Ectopic Pregnancy: Symptoms, Causes, Risk factors, and Treatment

Ectopic pregnancy is when a fertilized egg implants itself outside the main cavity of the uterus instead of in the uterus and begins to grow. Pregnancy begins when a fertilized egg attaches to the lining of the uterus. However, in ectopic pregnancy, the fertilized egg attaches itself outside the uterus.

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Ectopic pregnancy is called tubal pregnancy when it occurs in the fallopian tube, which carries eggs from the ovaries to the uterus. An ectopic pregnancy can equally occur in other areas of the body, such as the ovary, abdominal cavity, or the lower part of the uterus (cervix), which connects to the vagina.

An ectopic pregnancy can’t grow like normal pregnancy. The fertilized egg can’t survive, and if left untreated for long, the growing tissue may cause deadly bleeding.

Symptoms of Ectopic Pregnancy

Initially, it may be difficult to notice ectopic pregnancy. However, some women have the usual early signs or symptoms of pregnancy such as a missed period, breast tenderness and nausea. Pregnancy test result will even indicate positive. Signs and symptoms increase as the fertilized egg grows in the improper place.

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Warning Signs of Ectopic Pregnancy

The first warning sign of an ectopic pregnancy is:

  • pelvic pain
  • light vaginal bleeding
  • increasing abdominal pain (this occurs if blood leaks from the fallopian tube)
  • urgent need to have a bowel movement
  • shoulder pain (this occurs if bleeding is heavy as blood fills your pelvis and abdomen.

Symptoms depend on where the blood accumulates and which nerves are irritated.

Emergency symptoms

The Fallopian tube can rupture if the fertilized egg continues to grow in it, causing heavy bleeding inside the abdomen. At this stage, it becomes a deadly situation which requires emergency treatment. Symptoms at this stage may include extreme dizziness, fainting, severe abdominal pain and shock.

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When to see a doctor

Seek emergency medical help if you have any signs or symptoms of an ectopic pregnancy, including:

  • Severe abdominal or pelvic pain during pregnancy
  • Irregular vaginal bleeding
  • Extreme lightheadedness
  • Other disturbing symptoms

Causes of Ectopic Pregnancy

The most common type of ectopic pregnancy is tubal pregnancy, which occurs when a fertilized egg gets stuck on its way to the uterus, often because the fallopian tube is damaged by inflammation or is distorted. Hormonal imbalances or abnormal development of the fertilized egg also might play a role.

Risk factors

Some things that make you more likely to have an ectopic pregnancy are:

  • Tubal surgery: Surgery to repair a damaged or blocked fallopian tube can increase the risk of an ectopic pregnancy.
  • Inflammation or infection: Sexually transmitted infections (STIs), such as chlamydia or gonorrhea, can cause inflammation in the tubes and other close organs, and increase your risk of an ectopic pregnancy.
  • Choice of birth control: It’s difficult to get pregnant if you use an intrauterine device (IUD). However, if you do get pregnant with an IUD in place, it’s more likely to be an ectopic pregnancy. Tubal ligation (permanent method of birth control where your tubes tied), also raises your risk of ectopic pregnancy.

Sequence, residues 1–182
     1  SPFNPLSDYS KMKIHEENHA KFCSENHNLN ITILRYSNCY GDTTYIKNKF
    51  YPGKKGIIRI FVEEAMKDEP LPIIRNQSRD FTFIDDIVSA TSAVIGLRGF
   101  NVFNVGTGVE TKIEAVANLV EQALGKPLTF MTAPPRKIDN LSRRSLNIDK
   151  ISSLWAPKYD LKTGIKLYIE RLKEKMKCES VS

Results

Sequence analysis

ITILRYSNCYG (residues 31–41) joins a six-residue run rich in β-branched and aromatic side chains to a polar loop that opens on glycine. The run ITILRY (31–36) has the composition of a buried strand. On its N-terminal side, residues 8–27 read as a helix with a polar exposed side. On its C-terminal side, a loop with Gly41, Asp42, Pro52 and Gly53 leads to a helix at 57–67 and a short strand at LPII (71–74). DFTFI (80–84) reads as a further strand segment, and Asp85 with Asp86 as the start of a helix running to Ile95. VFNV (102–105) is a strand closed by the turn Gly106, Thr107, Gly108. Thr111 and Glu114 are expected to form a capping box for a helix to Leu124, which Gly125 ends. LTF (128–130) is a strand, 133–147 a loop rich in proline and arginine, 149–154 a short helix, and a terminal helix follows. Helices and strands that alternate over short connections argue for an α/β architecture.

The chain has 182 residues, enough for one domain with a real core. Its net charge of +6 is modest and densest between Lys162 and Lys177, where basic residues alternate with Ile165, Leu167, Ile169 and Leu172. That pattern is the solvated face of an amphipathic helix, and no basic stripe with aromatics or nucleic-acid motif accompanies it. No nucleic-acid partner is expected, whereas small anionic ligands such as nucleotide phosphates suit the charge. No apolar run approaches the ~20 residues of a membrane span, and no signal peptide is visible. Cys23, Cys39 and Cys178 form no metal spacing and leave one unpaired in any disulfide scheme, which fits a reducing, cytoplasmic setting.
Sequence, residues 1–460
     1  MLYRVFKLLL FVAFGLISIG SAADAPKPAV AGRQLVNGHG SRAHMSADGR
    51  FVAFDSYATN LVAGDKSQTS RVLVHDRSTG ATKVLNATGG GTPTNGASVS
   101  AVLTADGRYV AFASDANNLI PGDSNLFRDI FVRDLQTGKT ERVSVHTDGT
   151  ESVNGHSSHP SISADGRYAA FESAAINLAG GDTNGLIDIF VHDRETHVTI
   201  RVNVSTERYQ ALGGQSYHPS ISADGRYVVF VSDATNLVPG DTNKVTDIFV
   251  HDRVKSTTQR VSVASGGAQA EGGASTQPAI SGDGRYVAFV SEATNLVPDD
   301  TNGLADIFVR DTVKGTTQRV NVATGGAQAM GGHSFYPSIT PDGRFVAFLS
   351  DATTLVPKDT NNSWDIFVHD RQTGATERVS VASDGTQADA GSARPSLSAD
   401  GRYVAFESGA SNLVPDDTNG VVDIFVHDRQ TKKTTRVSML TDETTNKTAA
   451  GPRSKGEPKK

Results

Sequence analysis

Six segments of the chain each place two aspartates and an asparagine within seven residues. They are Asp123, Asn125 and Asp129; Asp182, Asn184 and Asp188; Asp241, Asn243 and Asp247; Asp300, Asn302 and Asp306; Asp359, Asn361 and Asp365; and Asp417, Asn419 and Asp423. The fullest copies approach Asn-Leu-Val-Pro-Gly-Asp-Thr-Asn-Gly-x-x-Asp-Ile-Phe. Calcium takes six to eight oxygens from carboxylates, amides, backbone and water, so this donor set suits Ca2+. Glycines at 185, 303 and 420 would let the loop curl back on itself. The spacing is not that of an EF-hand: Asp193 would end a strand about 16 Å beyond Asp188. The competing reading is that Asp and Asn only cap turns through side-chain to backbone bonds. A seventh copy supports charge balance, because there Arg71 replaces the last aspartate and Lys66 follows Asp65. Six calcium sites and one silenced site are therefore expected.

• Fertility treatments: Women who have in vitro fertilization (IVF) or similar treatments are more likely to have an ectopic pregnancy, according to some research.
  • Smoking: Cigarette smoking just before you get pregnant can increase the risk of an ectopic pregnancy.
  • Previous ectopic pregnancy: If you’ve had this type of pregnancy before, you’re more likely to experience another.


An ectopic pregnancy can cause your fallopian tube to burst open. Without treatment, the ruptured tube can lead to deadly bleeding.

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Ectopic cannot really be prevented. However, there are ways to reduce your risk:

  • Reduce your number of sexual partners.
  • Always use a condom during sex to help prevent sexually transmitted infections and pelvic inflammatory disease.
  • Don’t smoke. If you do, quit.

Diagnosis of Ectopic Pregnancy

To diagnose ectopic pregnancy, a doctor will first perform a pelvic exam to locate tenderness, pain, or a mass in the abdomen. An ultrasound will be used to check whether the uterus contains a developing fetus. The measurement of hCG levels is also vital. A low hCG level may signify an ectopic pregnancy.

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Your progesterone level will be checked because low levels of progesterone could be a sign of ectopic pregnancy. Also, your doctor may do a culdocentesis (inserting a needle into a space at the very top of the vagina, behind the uterus and in front of the rectum). The presence of blood in this area may point to bleeding from a ruptured fallopian tube.

Treating Ectopic Pregnancy

An ectopic pregnancy may be treated in any of the following ways:

  • Methotrexate may be administered to allow the body absorb the pregnancy tissue and save the fallopian tube, depending on how far the pregnancy has advanced.
  • If the tube has become ruptured, part or all of it may have to be removed.
  • Laparoscopic surgery under general anesthesia may be performed to remove the ectopic pregnancy and repair or remove the affected fallopian tube.


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